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|Place of origin||Nazi Germany|
|In service||1941 - 1945|
|Wars||World War II|
|Weight||3,930 kg (8,660 lb) to 5,500 kg (12,100 lb)|
|Length||5.95 -7.9 m|
|Width||2.25 -2.36 m|
|Height||2.1 - 3.2 m|
|Engine||3.6-litre 6-cyl petrol engine(Opel Blitz)|
During the beginning of 1941 German troops discovered that their wheeled transport vehicles were unsuitable for the muddy rasputitsa conditions at the beginning of the invasion of Russia.
Only half tracks were able to operate in these conditions, but removing them from their combat role for supply duties was not feasible, so it was decided to would produce half-tracked versions of standard Opel, Daimler-Benz, Alfa-Romeo and Ford trucks (lorries) by removing their rear axles, truncating the prop shafts and connecting them to redundant Panzer I track assemblies. Heavier trucks (4 tons payload) were fitted with Panzer II track assemblies.
(The Carden Lloyd type Horstmann suspension employed by the Panzer I was practically identical to the light tank track system used on the Universal and Bren-gun carriers. Following the fall of Singapore rubber was scarce and so a Bedford QL was similarly adapted using a Carden Lloyd suspension. While the Bedford Bren gave impressive traction and excellent cross-country performance the higher cost and the effect of detail improvements in automotive design and materials such as artificial rubber meant this parallel British conversion never progressed beyond a single prototype, later converted back into an all-wheel vehicle.)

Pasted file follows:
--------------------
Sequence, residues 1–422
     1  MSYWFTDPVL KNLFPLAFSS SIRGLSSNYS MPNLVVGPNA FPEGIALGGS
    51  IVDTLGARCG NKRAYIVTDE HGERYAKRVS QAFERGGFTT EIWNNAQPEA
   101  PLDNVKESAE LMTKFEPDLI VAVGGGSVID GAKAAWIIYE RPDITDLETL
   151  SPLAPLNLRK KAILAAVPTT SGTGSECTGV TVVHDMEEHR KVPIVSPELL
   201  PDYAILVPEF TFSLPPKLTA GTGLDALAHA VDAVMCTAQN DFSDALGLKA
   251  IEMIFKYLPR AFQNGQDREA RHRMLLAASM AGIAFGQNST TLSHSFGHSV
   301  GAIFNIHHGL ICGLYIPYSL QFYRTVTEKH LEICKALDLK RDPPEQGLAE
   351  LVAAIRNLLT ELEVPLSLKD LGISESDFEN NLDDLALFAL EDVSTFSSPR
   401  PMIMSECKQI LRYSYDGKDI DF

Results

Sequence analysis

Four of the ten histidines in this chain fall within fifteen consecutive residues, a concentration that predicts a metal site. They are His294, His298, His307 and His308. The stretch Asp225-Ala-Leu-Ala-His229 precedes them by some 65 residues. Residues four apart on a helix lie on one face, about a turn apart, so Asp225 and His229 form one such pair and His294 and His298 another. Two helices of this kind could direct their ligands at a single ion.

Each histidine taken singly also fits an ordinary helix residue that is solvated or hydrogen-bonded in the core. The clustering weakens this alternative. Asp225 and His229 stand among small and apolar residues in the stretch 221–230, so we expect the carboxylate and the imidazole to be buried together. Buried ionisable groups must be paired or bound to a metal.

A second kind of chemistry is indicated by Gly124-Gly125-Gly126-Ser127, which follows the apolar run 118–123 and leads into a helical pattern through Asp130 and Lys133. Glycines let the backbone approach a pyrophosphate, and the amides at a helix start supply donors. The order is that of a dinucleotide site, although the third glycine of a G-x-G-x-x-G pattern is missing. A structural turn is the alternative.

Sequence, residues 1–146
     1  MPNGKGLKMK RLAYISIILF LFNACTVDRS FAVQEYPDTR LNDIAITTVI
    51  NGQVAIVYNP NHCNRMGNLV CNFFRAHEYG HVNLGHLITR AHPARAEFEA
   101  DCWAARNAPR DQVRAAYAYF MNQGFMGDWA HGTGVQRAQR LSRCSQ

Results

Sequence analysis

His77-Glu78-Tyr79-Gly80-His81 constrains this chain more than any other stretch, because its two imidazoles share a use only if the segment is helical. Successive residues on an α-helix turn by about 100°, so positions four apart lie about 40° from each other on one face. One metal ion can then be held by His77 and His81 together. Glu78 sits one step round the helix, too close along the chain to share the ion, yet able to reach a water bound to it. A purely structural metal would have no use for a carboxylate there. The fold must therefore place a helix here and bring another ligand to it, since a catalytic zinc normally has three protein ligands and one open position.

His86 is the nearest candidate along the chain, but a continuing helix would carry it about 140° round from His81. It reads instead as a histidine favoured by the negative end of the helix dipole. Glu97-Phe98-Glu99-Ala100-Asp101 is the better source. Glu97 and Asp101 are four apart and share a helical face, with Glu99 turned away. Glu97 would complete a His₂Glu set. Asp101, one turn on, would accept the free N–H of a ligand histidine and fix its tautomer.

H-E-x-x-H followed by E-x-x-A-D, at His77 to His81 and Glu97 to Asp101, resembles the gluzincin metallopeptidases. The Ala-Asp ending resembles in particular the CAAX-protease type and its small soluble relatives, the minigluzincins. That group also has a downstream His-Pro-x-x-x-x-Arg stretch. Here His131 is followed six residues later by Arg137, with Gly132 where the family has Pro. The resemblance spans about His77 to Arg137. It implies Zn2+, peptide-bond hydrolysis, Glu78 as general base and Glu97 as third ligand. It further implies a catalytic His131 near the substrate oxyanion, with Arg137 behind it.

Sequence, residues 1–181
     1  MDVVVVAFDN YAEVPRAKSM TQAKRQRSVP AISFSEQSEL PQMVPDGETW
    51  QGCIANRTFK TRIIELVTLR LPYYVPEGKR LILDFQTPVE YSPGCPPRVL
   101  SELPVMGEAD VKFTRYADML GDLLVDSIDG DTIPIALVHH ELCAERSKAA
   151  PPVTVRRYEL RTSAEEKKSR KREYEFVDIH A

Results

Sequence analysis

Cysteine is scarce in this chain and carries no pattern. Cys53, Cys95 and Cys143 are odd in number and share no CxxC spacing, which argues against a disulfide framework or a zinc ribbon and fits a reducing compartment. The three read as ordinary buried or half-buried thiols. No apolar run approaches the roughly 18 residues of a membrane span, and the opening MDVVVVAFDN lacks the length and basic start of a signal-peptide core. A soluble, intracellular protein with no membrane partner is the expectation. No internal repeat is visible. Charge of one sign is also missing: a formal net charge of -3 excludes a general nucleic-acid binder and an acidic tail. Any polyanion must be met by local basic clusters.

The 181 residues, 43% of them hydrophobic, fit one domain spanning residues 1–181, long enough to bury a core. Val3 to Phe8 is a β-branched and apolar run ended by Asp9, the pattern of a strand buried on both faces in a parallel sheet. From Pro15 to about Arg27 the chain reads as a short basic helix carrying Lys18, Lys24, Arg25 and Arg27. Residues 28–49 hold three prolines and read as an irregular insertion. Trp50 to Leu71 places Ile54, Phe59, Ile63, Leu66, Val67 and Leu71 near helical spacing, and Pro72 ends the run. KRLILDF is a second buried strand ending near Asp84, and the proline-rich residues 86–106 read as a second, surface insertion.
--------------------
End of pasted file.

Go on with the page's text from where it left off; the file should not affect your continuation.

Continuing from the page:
Most Maultier conversions were based on Opel Blitz model S trucks, which proved successful in service.
While lacking the overall mobility of purpose-built half tracks they were cheaper and sufficiently effective from 1943 some Maultier trucks were fitted with armored bodies, designated SdKfz 4. Some of these were armed with 10 tubed rocket launcher Panzerwerfer 42, and were designated SdKfz. 4/1.